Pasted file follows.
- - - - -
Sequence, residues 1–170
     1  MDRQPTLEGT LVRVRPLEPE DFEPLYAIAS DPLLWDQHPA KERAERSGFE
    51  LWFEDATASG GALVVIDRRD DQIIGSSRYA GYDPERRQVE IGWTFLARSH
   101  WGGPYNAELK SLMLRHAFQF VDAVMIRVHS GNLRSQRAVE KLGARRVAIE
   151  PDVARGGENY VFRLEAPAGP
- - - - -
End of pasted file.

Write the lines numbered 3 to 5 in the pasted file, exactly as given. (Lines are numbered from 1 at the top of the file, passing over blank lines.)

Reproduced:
    51  LWFEDATASG GALVVIDRRD DQIIGSSRYA GYDPERRQVE IGWTFLARSH
   101  WGGPYNAELK SLMLRHAFQF VDAVMIRVHS GNLRSQRAVE KLGARRVAIE
   151  PDVARGGENY VFRLEAPAGP